Conference: 2014 International PHA Conference and Scientific Sessions
Release Date: 06.22.2014
Presentation Type: Abstracts
File Download: 2014 Conference Abstract - Linda Schieb
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Pulmonary hypertension (PH) is an uncommon but progressive condition. Previous surveillance from 1980-2002 identified decreasing pulmonary hypertension death rates among men but increasing rates among women while rates did not change among whites and increased among blacks.
Background: Pulmonary hypertension (PH) is an uncommon but progressive condition. Previous surveillance from 1980-2002 identified decreasing pulmonary hypertension death rates among men but increasing rates among women while rates did not change among whites and increased among blacks. Continuing to track deaths related to the disease over time and by age, gender, race/ethnicity, and location can help inform research in the diagnosis and treatment of PH.
Methods: We calculated age-adjusted and age-specific death rates per 100,000 population and assessed trends from 2001-2010 using data from the National Vital Statistics System and the U.S. Census Bureau. Pulmonary hypertension deaths were defined as deaths with ICD-10 codes I27.0, I27.2, I27.8, or I27.9 reported as any contributing cause of death on the death certificate.
Results: Both the number and rate of pulmonary hypertension deaths increased from 2001 (21,000 deaths, 5.5 per 100,000) to 2010 (15,500 deaths, 6.5 per 100,000). Death rates for men decreased from 2001 to 2006 and then increased to 2010. Rates for women increased during the entire time period. In each year, rates were highest in non-Hispanic blacks (9.1 per 100,000 in 2010 compared to 6.5 for non-Hispanic whites) and increased during the entire time period for blacks, while increasing only from 2006 to 2001 for whites. Death rates were highest and increased the most dramatically in the 85 years and older age group; the rate in 2010 (108.7) was more than 1.5 times the rate in 2001 (65.6). Death rates in those younger than 1 year decreased significantly from 14.9 in 2001 to 8.2 in 2010. States in the northern U.S. west of the Mississippi River as well as New Hampshire, Vermont, and South Carolina had the highest PH death rates in 2010. While most deaths that were categorized as having PH as a contributing cause included PH as the underlying cause (30% overall in 2010), the distribution of underlying causes varied by race/ethnicity.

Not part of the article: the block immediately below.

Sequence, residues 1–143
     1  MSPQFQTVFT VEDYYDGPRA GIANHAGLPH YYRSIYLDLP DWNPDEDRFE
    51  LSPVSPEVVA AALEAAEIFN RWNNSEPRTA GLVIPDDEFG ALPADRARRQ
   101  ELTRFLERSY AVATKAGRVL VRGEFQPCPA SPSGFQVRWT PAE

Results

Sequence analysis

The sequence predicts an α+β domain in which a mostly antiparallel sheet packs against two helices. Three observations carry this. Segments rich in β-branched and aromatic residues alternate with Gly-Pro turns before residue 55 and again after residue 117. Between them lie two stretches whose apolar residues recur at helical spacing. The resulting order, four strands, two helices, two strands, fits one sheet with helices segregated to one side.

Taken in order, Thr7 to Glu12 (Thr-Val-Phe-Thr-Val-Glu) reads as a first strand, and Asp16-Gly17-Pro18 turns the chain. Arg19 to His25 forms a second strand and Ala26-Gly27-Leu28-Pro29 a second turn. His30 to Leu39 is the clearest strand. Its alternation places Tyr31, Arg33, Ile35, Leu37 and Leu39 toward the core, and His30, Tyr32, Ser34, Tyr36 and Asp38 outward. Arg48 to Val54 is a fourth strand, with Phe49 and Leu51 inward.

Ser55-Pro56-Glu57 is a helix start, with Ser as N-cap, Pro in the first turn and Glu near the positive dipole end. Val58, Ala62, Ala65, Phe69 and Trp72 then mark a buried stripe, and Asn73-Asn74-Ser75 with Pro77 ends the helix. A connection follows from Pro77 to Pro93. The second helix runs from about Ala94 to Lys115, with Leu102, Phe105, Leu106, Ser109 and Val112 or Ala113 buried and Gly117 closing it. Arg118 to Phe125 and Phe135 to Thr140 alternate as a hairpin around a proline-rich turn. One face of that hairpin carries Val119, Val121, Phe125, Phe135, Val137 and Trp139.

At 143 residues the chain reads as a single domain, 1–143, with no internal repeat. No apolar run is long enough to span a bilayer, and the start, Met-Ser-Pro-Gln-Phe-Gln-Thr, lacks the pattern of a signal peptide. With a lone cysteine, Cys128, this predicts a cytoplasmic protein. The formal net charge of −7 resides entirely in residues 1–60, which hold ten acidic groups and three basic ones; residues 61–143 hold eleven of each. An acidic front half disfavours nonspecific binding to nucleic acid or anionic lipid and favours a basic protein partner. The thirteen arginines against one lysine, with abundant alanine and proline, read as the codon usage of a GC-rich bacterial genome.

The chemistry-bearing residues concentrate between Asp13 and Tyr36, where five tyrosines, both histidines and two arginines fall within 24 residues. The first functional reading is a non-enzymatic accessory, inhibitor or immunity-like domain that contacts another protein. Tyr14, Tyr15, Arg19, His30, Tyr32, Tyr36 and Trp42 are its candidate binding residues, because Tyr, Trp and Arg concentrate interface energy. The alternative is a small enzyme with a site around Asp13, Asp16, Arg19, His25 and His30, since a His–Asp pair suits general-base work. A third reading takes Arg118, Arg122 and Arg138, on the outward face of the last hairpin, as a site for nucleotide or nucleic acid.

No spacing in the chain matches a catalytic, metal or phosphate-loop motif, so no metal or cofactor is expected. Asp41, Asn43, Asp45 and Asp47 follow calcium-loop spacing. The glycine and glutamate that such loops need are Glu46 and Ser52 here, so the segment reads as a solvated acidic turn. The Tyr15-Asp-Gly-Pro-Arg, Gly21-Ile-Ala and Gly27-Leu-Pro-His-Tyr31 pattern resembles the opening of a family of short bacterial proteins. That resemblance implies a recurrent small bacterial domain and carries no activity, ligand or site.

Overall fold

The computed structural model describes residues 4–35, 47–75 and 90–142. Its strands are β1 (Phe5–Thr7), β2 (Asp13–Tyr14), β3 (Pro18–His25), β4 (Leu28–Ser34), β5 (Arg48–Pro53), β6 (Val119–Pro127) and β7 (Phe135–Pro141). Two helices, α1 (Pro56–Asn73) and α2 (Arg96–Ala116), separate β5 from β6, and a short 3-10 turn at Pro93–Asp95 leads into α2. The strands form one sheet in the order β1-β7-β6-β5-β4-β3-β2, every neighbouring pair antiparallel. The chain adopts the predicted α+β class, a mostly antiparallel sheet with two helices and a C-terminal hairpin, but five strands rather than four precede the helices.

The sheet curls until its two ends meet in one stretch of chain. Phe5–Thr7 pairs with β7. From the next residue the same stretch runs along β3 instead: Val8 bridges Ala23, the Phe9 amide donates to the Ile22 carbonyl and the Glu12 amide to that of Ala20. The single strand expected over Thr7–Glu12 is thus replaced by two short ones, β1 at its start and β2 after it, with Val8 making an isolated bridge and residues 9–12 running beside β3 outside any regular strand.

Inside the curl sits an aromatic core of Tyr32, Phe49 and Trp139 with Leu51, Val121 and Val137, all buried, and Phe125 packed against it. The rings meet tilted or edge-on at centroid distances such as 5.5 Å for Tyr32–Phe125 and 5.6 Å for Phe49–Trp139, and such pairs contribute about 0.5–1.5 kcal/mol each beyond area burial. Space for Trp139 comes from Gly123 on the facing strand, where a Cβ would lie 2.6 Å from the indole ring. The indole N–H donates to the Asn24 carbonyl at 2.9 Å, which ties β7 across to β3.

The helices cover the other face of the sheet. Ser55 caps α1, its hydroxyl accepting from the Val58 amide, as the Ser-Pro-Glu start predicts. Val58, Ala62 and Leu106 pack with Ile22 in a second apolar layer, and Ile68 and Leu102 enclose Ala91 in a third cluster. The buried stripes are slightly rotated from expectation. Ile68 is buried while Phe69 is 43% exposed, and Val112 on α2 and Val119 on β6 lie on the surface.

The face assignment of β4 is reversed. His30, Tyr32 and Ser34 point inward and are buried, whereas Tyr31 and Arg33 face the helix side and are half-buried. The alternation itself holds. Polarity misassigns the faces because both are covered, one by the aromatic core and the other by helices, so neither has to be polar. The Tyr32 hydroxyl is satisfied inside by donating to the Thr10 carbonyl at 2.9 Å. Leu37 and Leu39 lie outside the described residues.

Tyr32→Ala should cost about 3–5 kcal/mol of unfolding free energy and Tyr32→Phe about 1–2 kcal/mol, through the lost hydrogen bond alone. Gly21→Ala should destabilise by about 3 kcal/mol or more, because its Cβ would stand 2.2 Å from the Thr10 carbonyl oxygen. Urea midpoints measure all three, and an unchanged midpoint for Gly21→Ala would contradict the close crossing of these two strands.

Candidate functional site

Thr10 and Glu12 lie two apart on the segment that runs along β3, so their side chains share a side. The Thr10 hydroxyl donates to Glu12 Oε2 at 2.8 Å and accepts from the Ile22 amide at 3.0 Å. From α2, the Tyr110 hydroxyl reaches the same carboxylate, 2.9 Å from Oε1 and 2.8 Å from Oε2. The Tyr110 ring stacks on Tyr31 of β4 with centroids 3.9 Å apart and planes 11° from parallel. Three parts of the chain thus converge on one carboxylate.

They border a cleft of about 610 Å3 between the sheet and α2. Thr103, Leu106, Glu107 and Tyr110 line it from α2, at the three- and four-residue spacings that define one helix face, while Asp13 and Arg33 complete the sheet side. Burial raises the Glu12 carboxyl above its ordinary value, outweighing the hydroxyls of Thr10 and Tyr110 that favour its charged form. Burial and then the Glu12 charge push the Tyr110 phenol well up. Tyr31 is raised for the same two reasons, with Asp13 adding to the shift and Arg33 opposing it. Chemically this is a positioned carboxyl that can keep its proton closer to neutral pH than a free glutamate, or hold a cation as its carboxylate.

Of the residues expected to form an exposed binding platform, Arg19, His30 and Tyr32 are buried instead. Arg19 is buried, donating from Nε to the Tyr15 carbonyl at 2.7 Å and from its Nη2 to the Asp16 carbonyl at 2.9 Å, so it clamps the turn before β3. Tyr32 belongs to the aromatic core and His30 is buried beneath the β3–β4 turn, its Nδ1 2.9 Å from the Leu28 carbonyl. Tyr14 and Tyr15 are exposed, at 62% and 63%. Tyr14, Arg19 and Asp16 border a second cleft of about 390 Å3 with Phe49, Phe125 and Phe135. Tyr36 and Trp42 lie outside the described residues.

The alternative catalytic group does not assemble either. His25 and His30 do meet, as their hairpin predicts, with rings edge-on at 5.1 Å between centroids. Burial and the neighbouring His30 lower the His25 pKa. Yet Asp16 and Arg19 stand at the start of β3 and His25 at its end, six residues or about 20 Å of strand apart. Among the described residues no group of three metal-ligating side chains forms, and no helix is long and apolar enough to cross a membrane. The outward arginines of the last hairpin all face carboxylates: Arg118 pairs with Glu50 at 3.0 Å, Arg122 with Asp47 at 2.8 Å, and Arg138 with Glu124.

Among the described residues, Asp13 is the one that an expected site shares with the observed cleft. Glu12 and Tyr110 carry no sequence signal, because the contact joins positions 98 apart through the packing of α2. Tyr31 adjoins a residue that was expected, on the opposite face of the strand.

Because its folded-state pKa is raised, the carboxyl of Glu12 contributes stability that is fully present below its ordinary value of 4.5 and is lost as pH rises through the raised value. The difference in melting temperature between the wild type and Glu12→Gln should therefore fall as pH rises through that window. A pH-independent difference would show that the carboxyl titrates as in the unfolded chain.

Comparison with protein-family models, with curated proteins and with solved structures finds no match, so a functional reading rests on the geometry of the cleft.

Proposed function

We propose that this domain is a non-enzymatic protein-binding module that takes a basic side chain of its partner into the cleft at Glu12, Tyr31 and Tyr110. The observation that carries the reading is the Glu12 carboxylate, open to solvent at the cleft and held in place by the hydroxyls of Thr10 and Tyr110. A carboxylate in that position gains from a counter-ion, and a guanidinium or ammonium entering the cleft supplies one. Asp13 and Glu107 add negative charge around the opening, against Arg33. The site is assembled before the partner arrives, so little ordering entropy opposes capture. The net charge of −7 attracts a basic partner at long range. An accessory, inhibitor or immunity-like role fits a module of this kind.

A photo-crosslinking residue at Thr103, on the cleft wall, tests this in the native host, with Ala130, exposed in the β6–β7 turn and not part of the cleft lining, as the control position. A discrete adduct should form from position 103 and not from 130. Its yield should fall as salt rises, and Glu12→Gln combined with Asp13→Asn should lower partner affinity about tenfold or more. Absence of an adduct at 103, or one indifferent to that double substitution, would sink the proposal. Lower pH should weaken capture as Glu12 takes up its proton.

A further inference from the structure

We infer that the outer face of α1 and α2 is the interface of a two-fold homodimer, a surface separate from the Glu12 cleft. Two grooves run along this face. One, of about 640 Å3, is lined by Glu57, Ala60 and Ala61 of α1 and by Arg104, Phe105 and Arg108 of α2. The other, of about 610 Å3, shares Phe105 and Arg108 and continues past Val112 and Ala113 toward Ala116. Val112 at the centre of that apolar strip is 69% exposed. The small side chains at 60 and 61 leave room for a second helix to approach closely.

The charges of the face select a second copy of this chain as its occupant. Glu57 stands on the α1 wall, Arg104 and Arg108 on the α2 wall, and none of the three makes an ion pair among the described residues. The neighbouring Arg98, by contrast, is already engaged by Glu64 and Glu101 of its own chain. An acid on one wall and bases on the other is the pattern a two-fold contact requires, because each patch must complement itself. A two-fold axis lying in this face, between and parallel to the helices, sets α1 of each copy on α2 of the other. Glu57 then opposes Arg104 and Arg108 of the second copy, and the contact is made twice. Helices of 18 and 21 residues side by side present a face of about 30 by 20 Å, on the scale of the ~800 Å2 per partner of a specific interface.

Conclusions: PH death rates increased over the ten-year period that we analyzed, especially from 2006 to 2010. Death rates in 2010 varied by age, gender, race/ethnicity, and state of residence. These results can help to generate hypotheses about risk factors for deaths related to PH and shed light on coding practices for mortality data. In addition, recognizing which populations experience the highest rates of PH can inform education and early detection efforts. Continued surveillance is needed to understand and address evolving trends in mortality associated with pulmonary hypertension and pulmonary hypertension-associated conditions, especially for sex, age, and race/ethnicity disparities.